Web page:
When Marine Nicolas Brody is hailed as a hero after he returns home from eight years of captivity in Iraq, intelligence officer Carrie Mathison is the only one who suspects that he may have been "turned".
Sean McNamara and Christian Troy are two plastic surgeons running a partnership in Miami, Florida with different issues to life. Sean is a wishy-washy, weak-kneed, family man who distances ... See full summary »
I'm rather surprised to see that some of the previous commentators who have also read the book didn't find it somewhat disturbing that that the main character has been quite dramatically changed. Sure, it's a TV series that has to be "glossy" and seductive to attract an audience, and although I find Piper somewhat dull, a bit over-polished perhaps, I suppose she's doing alright.
What I find disappointing is that the book's raunchy, funny and extremely in-control woman has been transformed into a nice but flat Ann Summers girl. Take for example Belle's bisexuality (yes, the "real" Belle enjoys sex with women!), which is a recurring element in the book. In the TV series, she has to turn to the camera and reassure us that she's definitely NOT a lesbian, but she "will go gay for pay". And what's with the dilly-dallying with her "ex", Ben? I suppose this would be the book's "N". With whom she in the book has long discussions about anal sex and fisting, for example. The series' Ben doesn't even know what she does for a living.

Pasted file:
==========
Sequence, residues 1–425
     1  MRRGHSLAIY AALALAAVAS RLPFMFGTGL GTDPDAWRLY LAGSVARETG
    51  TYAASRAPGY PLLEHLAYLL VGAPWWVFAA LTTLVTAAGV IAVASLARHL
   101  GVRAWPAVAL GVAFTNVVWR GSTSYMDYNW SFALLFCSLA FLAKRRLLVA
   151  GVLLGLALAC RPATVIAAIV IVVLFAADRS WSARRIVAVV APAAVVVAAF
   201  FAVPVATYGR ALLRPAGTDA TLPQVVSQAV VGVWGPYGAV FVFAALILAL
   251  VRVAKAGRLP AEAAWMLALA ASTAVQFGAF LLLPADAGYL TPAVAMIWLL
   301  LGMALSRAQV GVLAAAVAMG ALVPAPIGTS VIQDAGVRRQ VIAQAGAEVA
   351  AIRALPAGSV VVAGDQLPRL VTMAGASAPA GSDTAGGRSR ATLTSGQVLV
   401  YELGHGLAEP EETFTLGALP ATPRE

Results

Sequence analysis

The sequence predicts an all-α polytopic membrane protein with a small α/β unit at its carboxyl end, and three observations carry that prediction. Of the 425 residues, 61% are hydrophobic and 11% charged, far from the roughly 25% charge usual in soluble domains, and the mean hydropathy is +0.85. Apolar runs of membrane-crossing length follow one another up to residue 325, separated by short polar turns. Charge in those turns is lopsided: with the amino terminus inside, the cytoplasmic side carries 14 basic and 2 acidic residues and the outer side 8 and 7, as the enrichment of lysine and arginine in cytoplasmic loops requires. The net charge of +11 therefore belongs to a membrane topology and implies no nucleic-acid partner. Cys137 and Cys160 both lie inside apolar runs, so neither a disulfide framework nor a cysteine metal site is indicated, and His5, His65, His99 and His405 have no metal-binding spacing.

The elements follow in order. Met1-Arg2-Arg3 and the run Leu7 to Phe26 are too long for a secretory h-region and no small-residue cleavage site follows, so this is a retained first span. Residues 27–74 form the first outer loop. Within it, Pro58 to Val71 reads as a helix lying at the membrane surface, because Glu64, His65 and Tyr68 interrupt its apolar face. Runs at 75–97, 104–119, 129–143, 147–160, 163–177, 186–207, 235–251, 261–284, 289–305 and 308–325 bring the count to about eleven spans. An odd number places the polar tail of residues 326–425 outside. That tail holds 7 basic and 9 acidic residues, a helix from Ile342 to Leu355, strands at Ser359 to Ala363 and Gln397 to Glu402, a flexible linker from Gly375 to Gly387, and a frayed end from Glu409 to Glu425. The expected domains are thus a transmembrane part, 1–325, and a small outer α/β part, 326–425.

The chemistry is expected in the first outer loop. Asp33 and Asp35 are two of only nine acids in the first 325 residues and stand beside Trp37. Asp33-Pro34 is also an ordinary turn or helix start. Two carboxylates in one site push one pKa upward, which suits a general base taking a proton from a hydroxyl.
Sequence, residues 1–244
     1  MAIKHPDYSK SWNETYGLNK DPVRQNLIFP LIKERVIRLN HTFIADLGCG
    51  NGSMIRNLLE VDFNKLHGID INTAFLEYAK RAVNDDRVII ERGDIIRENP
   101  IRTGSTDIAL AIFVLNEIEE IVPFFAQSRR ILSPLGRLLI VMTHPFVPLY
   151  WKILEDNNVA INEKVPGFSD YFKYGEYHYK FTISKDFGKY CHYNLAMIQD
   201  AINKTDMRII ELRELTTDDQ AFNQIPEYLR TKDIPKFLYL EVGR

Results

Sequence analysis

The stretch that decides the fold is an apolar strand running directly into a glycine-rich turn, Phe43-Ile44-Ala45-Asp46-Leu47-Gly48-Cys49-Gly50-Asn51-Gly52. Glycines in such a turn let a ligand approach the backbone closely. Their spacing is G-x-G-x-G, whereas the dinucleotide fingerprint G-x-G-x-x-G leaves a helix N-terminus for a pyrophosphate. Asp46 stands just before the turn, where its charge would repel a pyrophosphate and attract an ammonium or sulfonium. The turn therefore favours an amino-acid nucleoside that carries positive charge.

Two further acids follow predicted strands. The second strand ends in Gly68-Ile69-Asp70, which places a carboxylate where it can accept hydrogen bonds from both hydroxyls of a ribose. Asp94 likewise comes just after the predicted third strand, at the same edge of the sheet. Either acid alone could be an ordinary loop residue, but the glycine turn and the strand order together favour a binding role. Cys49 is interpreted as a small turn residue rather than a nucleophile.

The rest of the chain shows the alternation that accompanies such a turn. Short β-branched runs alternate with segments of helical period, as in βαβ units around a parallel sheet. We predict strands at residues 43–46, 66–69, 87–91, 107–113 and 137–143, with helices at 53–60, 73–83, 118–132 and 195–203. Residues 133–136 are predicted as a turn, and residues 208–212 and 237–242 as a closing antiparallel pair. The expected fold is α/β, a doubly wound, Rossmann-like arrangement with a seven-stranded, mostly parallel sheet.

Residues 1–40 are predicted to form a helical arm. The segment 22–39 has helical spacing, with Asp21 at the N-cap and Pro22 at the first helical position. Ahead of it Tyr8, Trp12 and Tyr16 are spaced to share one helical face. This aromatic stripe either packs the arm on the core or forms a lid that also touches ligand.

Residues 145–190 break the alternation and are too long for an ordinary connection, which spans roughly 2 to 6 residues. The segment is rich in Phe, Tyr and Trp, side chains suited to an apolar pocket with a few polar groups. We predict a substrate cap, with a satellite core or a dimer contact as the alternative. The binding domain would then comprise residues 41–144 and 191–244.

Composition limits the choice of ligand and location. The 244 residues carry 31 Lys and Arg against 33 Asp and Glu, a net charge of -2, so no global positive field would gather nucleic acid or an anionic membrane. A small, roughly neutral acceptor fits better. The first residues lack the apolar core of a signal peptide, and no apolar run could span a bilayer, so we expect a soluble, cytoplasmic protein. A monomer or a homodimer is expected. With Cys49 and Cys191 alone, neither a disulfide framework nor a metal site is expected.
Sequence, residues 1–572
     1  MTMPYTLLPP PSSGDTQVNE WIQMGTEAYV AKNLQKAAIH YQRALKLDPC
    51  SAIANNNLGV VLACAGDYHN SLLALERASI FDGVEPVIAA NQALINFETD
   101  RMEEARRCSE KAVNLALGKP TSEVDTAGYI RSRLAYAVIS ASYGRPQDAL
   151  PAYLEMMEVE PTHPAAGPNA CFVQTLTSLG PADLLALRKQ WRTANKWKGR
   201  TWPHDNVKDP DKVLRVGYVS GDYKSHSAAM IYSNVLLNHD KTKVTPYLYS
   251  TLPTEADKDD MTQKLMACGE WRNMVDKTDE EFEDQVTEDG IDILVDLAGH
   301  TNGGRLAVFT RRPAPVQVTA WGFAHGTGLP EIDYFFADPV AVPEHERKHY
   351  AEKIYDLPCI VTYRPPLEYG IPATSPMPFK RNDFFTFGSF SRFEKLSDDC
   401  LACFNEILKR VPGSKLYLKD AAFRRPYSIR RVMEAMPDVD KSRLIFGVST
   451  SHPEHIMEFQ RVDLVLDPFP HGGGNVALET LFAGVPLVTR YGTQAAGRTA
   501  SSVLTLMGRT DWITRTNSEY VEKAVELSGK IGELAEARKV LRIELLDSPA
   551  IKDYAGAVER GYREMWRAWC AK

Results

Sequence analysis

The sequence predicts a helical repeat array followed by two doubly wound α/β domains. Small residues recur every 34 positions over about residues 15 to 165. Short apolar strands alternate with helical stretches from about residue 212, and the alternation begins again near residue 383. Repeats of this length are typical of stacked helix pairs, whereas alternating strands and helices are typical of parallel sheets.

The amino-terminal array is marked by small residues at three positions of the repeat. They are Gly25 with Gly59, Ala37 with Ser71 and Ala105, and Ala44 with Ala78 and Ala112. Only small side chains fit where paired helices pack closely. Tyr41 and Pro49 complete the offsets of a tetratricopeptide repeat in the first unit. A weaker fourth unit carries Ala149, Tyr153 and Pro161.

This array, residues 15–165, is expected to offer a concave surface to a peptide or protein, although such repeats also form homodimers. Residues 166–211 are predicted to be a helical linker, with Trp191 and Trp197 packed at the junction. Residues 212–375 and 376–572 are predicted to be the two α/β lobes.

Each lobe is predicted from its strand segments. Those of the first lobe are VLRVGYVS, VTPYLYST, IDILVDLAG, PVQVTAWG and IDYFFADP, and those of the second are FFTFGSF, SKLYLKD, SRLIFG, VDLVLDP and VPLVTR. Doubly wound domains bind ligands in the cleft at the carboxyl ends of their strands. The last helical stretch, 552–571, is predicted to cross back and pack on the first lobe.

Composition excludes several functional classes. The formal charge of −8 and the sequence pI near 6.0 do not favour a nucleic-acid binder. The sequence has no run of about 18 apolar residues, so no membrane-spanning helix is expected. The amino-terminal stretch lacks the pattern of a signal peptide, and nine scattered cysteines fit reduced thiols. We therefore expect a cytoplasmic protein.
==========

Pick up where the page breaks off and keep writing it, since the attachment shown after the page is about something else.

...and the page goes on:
The Belle of the series then is nowhere near the cool, funny, and sexually explosive Belle I've got to know through the book. What on the surface actually has potential as a sleek and sexy show, is really just an empty promise that even the naughtiest hooker is really a sweet and innocent girl. I agree with a previous commentator that it would have been interesting to have seen what Channel 4 could have done to evoke the true Belle.
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